Ancient knowledge gets a modern makeover

A new government policy on paranormal and alternative healing therapies is expected to be unveiled in the near future. In a similar way to other countries which have recognized certain nonscience-based health care therapies like acupuncture, the Ministry of Health is now taking a close look at its own indigenous alternative medicine, including paranormal therapies.

“The Ministry of Health recognizes that it has some limitations in providing health treatment to the community. That’s why we are making partnerships now with alternative medicine associations,” said Dr. Agnes Maureen Loupatty, head of the traditional health standardization section under the ministry’s Directorate General of Community Health.

“Our policy has three approaches: We will introduce stricter regulations, develop partnerships with alternative medicine associations and start to categorize and analyze the different methods used.”

According to Dr. Agnes, the ministry will work with the associations to develop criteria for assessing therapies, such as whether there is a body of printed research on the therapy, proof that it is safe and a credible reason to believe that it is effective in about 50 percent of cases.

The ministry is looking at four categories of traditional healing: physical methods such as massage and reflexology; traditional medicines such as herbs and jamu (herbal medicine); supernatural and paranormal techniques; and techniques based on religious beliefs.

While it may never be possible to prove without a shadow of a doubt that an alternative therapy works, metaphysical practitioners say that the same argument applies to modern medicine.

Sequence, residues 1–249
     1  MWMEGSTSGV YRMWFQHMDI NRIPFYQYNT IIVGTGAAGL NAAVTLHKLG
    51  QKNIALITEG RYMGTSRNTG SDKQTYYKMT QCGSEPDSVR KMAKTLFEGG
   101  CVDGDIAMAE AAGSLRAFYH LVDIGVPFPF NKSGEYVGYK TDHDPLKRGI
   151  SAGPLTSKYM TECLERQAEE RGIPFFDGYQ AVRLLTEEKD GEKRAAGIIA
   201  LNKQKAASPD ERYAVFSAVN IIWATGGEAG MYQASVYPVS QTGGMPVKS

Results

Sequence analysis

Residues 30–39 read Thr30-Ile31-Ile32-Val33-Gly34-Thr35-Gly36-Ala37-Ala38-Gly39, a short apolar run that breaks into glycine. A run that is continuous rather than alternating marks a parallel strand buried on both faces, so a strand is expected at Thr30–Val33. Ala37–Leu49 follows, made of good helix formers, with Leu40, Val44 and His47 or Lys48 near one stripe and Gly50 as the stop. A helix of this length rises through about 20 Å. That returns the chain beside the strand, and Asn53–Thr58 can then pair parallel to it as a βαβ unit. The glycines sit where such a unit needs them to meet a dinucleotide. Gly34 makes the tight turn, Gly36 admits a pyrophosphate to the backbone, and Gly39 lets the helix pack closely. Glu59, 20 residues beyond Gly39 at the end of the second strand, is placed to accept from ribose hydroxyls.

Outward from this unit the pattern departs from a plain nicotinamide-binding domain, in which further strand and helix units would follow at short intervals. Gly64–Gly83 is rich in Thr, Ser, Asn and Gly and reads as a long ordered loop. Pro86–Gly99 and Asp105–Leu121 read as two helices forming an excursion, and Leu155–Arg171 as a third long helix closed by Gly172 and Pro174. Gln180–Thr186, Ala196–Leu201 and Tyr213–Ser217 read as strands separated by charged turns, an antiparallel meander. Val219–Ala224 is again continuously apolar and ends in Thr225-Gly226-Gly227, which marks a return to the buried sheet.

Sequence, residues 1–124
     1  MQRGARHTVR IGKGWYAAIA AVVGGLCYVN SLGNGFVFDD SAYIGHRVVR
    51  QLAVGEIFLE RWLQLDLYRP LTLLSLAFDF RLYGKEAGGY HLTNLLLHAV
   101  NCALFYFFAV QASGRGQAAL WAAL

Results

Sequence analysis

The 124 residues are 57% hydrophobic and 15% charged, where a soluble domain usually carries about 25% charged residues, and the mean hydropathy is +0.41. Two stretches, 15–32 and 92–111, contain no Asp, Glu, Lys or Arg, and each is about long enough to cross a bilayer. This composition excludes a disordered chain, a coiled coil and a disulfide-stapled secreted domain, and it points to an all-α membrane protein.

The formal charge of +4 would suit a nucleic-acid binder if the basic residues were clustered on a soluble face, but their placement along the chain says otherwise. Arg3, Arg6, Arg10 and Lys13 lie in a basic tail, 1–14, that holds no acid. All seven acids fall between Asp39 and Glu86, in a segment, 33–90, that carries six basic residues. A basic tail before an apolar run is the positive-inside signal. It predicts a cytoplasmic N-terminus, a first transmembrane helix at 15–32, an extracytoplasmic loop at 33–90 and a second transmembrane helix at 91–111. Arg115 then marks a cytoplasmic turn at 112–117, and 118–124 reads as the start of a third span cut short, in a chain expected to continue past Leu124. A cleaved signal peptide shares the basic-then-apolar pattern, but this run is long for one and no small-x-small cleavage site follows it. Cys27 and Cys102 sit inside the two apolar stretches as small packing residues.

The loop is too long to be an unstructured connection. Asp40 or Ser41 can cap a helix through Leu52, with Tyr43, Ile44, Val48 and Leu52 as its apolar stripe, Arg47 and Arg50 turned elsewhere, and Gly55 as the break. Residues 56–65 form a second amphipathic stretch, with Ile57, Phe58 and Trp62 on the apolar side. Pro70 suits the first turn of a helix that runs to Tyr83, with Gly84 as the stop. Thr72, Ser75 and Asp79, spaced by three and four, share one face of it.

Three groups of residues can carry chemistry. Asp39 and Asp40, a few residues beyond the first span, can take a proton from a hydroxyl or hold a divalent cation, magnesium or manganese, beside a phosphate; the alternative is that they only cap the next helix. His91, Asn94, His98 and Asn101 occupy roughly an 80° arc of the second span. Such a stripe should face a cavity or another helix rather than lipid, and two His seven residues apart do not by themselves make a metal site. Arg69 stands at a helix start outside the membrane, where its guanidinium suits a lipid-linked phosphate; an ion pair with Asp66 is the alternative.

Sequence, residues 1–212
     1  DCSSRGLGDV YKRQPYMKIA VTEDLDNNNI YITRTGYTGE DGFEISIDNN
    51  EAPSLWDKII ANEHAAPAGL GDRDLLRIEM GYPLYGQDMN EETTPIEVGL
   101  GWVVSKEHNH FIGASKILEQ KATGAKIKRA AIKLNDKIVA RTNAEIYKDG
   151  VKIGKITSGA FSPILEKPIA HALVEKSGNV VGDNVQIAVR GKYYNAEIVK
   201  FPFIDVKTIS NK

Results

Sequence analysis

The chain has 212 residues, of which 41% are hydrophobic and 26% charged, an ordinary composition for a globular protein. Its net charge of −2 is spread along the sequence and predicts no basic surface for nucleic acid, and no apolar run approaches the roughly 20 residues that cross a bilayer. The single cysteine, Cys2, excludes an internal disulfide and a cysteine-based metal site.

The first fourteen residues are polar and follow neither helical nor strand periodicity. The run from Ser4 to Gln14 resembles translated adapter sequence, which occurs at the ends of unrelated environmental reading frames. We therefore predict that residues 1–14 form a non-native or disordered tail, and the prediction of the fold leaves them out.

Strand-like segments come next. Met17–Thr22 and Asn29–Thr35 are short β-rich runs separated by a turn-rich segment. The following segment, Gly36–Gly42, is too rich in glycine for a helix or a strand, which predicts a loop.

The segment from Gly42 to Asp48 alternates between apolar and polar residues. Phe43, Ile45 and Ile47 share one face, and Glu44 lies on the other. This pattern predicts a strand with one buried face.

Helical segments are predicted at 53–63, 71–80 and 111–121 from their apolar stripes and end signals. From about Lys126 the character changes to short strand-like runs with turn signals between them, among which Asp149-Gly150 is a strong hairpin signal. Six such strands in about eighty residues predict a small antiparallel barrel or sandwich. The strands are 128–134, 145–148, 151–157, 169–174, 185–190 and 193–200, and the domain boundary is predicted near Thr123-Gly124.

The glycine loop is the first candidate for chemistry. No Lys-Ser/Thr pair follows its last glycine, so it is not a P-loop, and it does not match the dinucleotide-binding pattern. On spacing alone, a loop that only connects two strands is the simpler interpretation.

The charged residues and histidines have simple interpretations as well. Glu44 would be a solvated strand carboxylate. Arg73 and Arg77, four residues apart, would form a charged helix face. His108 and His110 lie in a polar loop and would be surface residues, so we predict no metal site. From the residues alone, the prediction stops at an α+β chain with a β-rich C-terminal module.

“You have to recognize that modern medicine cannot cure every disease and that some paranormals are successful, so it’s not all about superstition,” said Sita Sudjono, one of the founders of the Indonesian Communication Forum for Paranormal and Alternative Healers, which has already begun working with the Ministry of Health on classifying and codifying therapies.

Sita, a teacher of “Orhiba”, the Indonesian abbreviation for “New Life Exercise”, a discipline which is said to charge the body with cosmic energy with a few minutes of daily practice, helps to organize monthly metaphysical discussions in Jakarta which bring together a range of paranormal practitioners.

“We try to explain metaphysical things in a scientific way, although we known we cannot explain everything,” she said, adding that it’s important to see metaphysical practice as communicating with God, rather than what she sees as the current obsession in the tabloid press with the occult and superstitious beliefs.

The forum attracts more than 200 participants each month to its metaphysical study group and boasts over 1,000 members. Its chairman Sabdono Surohadikusomo has been a lifelong advocate of what he calls “rational approach” to the paranormal and has lobbied government to help impose some order in the field of paranormal and alternative healing.

“Our forum encompasses a wide variety of methods such as reiki, prana, acupuncture and also faith healing,” said Sabdono.

He is determined to change the image of healers as being mystical or magical and to protect the welfare of consumers. According to his colleague Sita Sudjono, his efforts in the past were often marred by the egos of traditional healers.

“He tried before to raise the level of practice of dukuns (traditional healers or shamans). But it was very difficult to get them to follow any rules as each of them felt that they were better than the others!”

This time around, Sabdono is upbeat about the chances of success.

“We are preparing a decree with the ministry which will say that all paranormal healers should get a permit and a reference from an accredited association. There’s no law at the moment, so it’s difficult to protect consumers — that’s why we are working on this.”

Comments are closed.